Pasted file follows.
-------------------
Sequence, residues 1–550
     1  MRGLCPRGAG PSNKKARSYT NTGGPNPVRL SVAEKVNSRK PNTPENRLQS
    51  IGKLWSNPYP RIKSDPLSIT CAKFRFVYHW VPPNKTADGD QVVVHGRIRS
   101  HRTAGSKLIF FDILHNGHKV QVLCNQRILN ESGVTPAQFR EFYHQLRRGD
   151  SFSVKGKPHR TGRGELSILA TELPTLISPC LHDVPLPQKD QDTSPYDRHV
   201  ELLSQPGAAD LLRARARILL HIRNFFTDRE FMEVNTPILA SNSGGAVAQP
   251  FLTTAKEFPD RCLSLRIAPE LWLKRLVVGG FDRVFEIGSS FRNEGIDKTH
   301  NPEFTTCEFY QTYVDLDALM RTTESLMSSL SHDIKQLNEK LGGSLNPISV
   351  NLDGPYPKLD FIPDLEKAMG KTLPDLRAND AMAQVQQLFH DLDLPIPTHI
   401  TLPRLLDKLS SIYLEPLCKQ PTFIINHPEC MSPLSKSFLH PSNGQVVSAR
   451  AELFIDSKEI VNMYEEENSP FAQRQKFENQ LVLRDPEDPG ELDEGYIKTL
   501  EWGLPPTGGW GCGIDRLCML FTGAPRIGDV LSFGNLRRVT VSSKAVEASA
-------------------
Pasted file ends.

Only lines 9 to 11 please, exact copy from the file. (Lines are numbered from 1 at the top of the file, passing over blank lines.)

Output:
   351  NLDGPYPKLD FIPDLEKAMG KTLPDLRAND AMAQVQQLFH DLDLPIPTHI
   401  TLPRLLDKLS SIYLEPLCKQ PTFIINHPEC MSPLSKSFLH PSNGQVVSAR
   451  AELFIDSKEI VNMYEEENSP FAQRQKFENQ LVLRDPEDPG ELDEGYIKTL